When Twitter has committed to major change, it has done so in a gradual, piecemeal fashion, experimenting with capabilities outside its main app before integrating them (see: Periscope, Vine). It took more than a decade to get from 140 to 280 characters. When new big-deal features stick around — live video, for example — they remain subordinate to the core experience.
This slow process can leave users feeling unheard, or a bit stuck. The platform’s history, however, is uniquely bound up with their participation.
In Twitter: A Biography, Jean Burgess and Nancy K. Baym describe Twitter’s product as we know it today as a result of “a set of conventions” that “emerged through user experimentation.” Early adopters, in other words, came up with ways to get more out of Twitter’s primitive feed — an @ symbol, a hashtag, the RT — and then Twitter turned those practices into features.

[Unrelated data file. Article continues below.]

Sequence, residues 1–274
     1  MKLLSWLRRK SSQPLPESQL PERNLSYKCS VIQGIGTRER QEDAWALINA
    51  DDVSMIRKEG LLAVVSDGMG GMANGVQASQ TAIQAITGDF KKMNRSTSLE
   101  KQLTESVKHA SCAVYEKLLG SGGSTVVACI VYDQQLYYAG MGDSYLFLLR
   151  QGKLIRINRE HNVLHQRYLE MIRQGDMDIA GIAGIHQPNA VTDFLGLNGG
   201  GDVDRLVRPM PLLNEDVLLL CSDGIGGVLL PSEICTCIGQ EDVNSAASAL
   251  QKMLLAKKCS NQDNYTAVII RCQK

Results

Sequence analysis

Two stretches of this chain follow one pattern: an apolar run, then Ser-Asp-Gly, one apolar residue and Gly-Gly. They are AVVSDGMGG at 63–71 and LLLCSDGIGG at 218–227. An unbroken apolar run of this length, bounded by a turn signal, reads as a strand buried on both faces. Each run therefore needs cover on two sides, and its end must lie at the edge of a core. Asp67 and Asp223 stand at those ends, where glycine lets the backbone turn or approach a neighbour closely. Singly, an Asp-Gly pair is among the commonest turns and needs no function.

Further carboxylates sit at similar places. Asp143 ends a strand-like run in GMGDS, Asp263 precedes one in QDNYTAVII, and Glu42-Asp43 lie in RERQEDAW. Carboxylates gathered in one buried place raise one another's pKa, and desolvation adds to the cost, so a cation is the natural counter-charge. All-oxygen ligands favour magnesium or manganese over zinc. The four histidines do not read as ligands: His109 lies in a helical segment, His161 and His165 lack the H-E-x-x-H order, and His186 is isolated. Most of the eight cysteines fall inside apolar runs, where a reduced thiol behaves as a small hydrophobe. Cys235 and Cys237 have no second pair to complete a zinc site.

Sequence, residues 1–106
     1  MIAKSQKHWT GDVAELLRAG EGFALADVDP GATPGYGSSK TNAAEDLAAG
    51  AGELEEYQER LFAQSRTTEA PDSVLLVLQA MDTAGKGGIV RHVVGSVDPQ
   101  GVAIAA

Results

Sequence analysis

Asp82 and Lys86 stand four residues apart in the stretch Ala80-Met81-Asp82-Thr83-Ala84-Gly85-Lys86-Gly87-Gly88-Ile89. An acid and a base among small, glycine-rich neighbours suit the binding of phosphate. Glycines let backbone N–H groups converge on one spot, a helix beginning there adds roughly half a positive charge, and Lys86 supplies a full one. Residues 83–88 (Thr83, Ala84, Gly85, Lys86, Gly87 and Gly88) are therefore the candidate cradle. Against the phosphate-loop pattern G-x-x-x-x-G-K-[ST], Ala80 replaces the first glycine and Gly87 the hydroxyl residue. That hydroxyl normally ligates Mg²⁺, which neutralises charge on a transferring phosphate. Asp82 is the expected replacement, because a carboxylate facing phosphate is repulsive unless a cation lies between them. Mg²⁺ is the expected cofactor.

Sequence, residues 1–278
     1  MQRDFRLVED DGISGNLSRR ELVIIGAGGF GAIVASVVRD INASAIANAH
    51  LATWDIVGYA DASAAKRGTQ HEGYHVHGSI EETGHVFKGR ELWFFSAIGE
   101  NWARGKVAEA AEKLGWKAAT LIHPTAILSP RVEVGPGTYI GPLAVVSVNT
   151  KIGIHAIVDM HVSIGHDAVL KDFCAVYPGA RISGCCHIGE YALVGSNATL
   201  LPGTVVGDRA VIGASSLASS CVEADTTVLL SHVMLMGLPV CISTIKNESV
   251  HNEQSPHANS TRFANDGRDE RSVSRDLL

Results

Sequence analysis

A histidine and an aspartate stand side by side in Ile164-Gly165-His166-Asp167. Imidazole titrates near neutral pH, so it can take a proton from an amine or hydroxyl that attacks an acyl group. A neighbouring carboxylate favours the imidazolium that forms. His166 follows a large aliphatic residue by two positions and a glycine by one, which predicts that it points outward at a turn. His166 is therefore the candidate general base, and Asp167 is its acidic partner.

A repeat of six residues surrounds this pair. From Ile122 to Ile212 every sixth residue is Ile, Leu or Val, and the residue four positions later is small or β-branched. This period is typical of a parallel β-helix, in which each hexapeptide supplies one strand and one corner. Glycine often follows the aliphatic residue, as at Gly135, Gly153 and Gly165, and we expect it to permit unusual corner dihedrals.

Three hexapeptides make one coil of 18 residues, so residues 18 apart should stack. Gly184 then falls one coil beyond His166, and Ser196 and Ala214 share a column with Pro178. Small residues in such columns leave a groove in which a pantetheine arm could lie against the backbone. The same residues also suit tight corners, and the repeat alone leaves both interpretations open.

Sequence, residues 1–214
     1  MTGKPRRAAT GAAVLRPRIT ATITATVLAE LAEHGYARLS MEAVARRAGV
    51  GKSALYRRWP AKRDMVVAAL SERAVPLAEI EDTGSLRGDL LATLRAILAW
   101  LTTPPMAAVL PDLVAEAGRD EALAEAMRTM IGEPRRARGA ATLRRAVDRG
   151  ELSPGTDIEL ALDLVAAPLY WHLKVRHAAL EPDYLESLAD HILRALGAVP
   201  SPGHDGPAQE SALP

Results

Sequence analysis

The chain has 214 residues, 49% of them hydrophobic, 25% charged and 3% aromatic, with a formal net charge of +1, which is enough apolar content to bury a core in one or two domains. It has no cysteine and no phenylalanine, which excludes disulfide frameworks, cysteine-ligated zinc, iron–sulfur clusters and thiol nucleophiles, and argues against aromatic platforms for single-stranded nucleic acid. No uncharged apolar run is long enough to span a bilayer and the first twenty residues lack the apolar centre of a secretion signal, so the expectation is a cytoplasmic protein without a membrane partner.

That Twitter’s users come up with its core capabilities is both well known and ongoing — quote tweets and threads are more recent examples — but it misses half the story. Some of the other social platforms can feel like massive experiments, where users are subjected, with varying degrees of awareness, to constant tests. A button is there one day, and not the next. You’re nudged between news and then live video and then chats and then Groups.
Twitter, by contrast, when it’s not recognising and sanctioning new habits — not all of them good for the community — is more often in the position of merely applying a brake, or fiddling with a knob that turns between “Less Twitter” and “More Twitter,” with “Twitter” defined not by Twitter itself but by hundreds of millions of people who will simply not log off, lest they lose their chance to see or be seen in the One True Feed.
Twitter, of course, can do whatever it wants. It’s frequently humbled by its collective users, but it frequently disappoints them, too. (In some contexts, “more Twitter” equates with harassment.) It’s also a profitable company that extracts billions of dollars from this process.
Twitter, like each of its users, has two options for the long term: double down or draw back. Any attempt at a third way will never be more than fleeting.
The New York Times